PSI Structural Biology Knowledgebase

PSI | Structural Biology Knowledgebase
Header Icons
E-Collection

Related Articles
Drug Discovery: Solving the Structure of an Anti-hypertension Drug Target
July 2015
Retrospective: 7,000 Structures Closer to Understanding Biology
July 2015
Design and Evolution: Bespoke Design of Repeat Proteins
June 2015
Design and Evolution: Molecular Sleuthing Reveals Drug Selectivity
June 2015
Design and Evolution: Tunable Antibody Binders
June 2015
Design and Evolution: Unveiling Translocator Proteins
June 2015
Evolution of Photoconversion
June 2015
Families in Gene Neighborhoods
June 2015
Protein Folding and Misfolding: A TRiC-ster that Follows the Rules
March 2015
Protein Folding and Misfolding: Beneficial Aggregation
March 2015
Peptidyl-carrier Proteins
October 2014
Predicting Protein Crystal Candidates
October 2014
Protein and Peptide Synthesis: Coming Full Circle
October 2014
Protein and Peptide Synthesis: Sensing Energy Balance
October 2014
Mining Protein Dynamics
May 2014
Novel Proteins and Networks: Assigning Function
May 2014
Novel Proteins and Networks: Polysaccharide Metabolism in the Human Gut
May 2014
Design and Discovery: Evolutionary Dynamics
January 2014
Design and Discovery: Identifying New Enzymes and Metabolic Pathways
January 2014
Design and Discovery: Virtual Drug Screening
January 2014
Caught in the Act
December 2013
Microbiome: Insights into Secondary Bile Acid Synthesis
September 2013
Microbiome: Structures from Lactic Acid Bacteria
September 2013
The Immune System: A Brotherhood of Immunoglobulins
June 2013
The Immune System: Super Cytokines
June 2013
Design and Discovery: A Cocktail for Proteins Without ID
February 2013
Design and Discovery: Enzyme Reprogramming
February 2013
Design and Discovery: Extreme Red Shift
February 2013
Design and Discovery: Flexible Backbone Protein Redesign
February 2013
Designer Proteins
February 2013
Membrane Proteome: Sphingolipid Synthesis Selectivity
December 2012
Symmetry from Asymmetry
October 2012
Serum albumin diversity
August 2012
Pocket changes
July 2012
Predictive protein origami
July 2012
Targeting Enzyme Function with Structural Genomics
July 2012
Finding function for enolases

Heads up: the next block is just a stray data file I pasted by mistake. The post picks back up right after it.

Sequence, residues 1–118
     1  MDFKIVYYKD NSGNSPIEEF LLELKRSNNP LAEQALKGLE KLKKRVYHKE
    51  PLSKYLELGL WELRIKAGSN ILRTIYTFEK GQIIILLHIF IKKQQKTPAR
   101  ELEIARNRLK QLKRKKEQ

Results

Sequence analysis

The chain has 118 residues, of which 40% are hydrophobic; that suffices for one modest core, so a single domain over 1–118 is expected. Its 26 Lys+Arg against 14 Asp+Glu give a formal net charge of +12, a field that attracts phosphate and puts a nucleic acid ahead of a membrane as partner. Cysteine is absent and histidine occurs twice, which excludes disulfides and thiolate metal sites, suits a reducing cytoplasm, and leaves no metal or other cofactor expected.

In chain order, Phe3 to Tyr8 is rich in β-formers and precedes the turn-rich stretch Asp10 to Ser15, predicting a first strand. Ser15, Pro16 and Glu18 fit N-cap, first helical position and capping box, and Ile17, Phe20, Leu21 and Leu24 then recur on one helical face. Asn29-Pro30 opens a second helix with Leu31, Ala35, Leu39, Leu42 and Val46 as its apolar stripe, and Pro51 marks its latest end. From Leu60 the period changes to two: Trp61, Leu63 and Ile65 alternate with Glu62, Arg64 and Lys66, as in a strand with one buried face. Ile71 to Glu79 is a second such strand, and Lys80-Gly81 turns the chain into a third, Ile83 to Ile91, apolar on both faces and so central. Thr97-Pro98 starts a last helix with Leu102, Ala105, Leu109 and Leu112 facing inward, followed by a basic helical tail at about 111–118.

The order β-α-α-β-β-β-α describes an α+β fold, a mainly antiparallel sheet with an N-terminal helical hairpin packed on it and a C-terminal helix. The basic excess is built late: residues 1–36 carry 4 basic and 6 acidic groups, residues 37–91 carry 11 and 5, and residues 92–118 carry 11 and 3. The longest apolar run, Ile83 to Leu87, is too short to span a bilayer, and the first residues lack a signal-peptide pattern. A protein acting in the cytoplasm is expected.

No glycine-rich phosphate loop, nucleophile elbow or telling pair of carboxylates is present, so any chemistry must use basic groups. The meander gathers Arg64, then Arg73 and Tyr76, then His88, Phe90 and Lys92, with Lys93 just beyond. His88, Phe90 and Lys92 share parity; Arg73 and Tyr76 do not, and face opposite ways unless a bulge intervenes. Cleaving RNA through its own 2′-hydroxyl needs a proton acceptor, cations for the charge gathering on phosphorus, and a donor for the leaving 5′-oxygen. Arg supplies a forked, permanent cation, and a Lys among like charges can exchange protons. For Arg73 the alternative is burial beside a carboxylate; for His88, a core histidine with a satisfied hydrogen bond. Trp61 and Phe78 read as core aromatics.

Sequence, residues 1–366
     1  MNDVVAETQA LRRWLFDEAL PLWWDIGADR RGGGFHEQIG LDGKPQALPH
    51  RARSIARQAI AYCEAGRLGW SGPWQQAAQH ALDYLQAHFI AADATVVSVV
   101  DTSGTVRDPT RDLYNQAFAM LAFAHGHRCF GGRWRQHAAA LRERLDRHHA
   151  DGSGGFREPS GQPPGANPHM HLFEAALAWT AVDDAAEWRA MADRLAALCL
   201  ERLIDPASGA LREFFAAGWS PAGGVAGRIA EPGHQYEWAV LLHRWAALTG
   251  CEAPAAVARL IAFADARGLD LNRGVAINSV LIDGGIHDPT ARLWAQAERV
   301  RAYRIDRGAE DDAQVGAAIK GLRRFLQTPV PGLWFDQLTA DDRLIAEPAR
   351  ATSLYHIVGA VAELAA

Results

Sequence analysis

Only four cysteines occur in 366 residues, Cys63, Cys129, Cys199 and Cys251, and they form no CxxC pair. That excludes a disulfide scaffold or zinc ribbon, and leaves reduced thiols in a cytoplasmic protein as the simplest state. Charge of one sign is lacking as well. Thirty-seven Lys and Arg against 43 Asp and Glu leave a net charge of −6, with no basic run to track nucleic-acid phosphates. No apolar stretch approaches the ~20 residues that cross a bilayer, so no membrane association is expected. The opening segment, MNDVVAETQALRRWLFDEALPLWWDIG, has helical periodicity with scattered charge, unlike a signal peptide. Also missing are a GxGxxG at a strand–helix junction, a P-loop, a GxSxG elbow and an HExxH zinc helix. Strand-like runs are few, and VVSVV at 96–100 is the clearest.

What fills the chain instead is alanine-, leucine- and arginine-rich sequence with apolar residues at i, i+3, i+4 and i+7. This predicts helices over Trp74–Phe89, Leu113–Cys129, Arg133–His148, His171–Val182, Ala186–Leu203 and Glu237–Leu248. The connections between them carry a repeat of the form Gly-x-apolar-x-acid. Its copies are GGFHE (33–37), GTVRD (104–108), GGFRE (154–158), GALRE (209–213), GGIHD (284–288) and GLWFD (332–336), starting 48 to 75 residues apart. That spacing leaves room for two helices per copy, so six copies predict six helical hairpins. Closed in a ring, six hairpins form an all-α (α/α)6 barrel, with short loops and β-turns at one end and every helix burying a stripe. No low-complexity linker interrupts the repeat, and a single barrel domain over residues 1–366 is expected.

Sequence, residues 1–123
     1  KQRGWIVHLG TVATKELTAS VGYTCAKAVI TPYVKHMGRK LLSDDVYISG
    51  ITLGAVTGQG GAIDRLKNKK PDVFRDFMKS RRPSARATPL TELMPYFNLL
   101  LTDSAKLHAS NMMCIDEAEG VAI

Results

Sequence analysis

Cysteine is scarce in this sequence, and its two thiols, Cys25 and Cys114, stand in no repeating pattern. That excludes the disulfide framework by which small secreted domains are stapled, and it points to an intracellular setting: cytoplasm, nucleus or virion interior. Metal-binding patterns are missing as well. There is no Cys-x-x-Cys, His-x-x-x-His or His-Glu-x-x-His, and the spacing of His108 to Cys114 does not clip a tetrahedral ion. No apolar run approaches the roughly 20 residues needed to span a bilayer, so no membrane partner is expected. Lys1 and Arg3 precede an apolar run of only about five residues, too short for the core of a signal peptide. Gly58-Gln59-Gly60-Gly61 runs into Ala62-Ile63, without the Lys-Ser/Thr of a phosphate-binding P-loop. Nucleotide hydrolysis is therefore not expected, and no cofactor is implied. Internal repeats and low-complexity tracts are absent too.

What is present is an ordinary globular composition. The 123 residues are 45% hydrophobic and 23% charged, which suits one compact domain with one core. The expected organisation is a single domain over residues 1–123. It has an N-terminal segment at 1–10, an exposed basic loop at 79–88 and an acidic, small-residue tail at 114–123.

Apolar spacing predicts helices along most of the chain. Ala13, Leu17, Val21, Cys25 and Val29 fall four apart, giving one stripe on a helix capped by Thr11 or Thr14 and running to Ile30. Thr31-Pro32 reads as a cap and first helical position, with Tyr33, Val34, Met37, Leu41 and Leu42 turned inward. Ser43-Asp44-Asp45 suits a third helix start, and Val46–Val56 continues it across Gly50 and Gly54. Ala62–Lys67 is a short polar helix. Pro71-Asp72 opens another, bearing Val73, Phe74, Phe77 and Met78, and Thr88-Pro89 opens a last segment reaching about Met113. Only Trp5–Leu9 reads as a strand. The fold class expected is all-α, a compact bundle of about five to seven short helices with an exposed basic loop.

June 2012
Substrate specificity sleuths
April 2012
Disordered Proteins
February 2012
Metal mates
February 2012
Making invisible proteins visible
October 2011
Alpha/Beta Barrels
October 2010
Deducing function from small structural clues
February 2010
Extremely salty
February 2010
Membrane proteins spotted in their native habitat
January 2010
How does Dali work?
December 2009
Secretagogin
December 2009
Designing activity
September 2008

Research Themes Protein design

The Immune System: Super Cytokines

SBKB [doi:10.1038/sbkb.2012.146]
Technical Highlight - June 2013
Short description: Crystal structures of cytokine receptor complexes pinpoint target regions to create 'superkines' with altered cell specificity.

The main receptor binding sites on the D-helices of IL-4 (left) and IL-13 (right). Left, positions randomized in IL-4 site 2 are shown. Right, IL-13 D-helix (purple) is superimposed to that of IL-4 (green); substituted residues are in red. 1

Cytokines orchestrate wide-ranging signaling cascades in cells. Cytokine receptor activation is initiated by interaction with one receptor chain followed by a second. The second interaction is of much lower affinity, so its manipulation is considered promising for potential therapeutic applications; this is the interaction Garcia and colleagues targeted in their study of interleukin-4 (IL-4). IL-4 first binds the receptor IL-4Rα with high affinity; a subsequent interaction with either γc or IL-13Rα1 results in, respectively, type I and type II ternary complexes. Secondary cytokine receptors are expressed at different levels in various cells, thus enabling cell-type specific signaling.

Recently solved crystal structures reveal how γc and IL-13Rα1 bind IL-4. To alter affinity to type II receptors, the authors compared structures of IL-4 and IL-13 bound to IL-13Rα1, which led them to engineer a high-affinity version of IL-4 by substituting three residues from the native high-affinity binder IL-13. With no such information for the type I receptor, the researchers used in vivo evolution. These respective approaches resulted in the development of high-affinity triple mutant 'superkines' KFR and RGA.

In vitro, as measured by surface plasmon resonance (SPR), binding affinity of KFR–IL-4Rα for the type II receptor IL-13Rα1 was 440-fold greater than that of wild-type IL-4–IL-4Rα, and for the type I receptor γc, about twofold lower. In contrast, binding affinity of RGA–IL-4Rα for its destined receptor γc was 3,700-fold greater than that of wild-type cytokine complex, also with a decrease in affinity to IL-13Rα1. Structural analysis of the RGA–γc interface (PDB 3QB7) pinpointed changes responsible for the affinity increase.

This binding specificity was preserved in vivo, in cells that naturally express different amounts of type I and type II receptors. The differences, however, were not as dramatic as those observed by SPR, which the authors attribute to differences in diffusion rates when one of the components is soluble in the latter setup, or to co-localization of receptors in vivo. Nevertheless, this proof-of-principle work suggests the possibility of engineering, for therapeutic applications, superkines with high affinities to target receptors and those with minimal affinity to other receptors, thus limiting side effects.

Irene Kaganman

References

  1. I.S. Junttila et al. Redirecting cell-type specific cytokine responses with engineered interleukin-4 superkines.
    Nat. Chem. Biol. 8, 990-998 (2012). doi:10.1038/nchembio.1096

Structural Biology Knowledgebase ISSN: 1758-1338
Funded by a grant from the National Institute of General Medical Sciences of the National Institutes of Health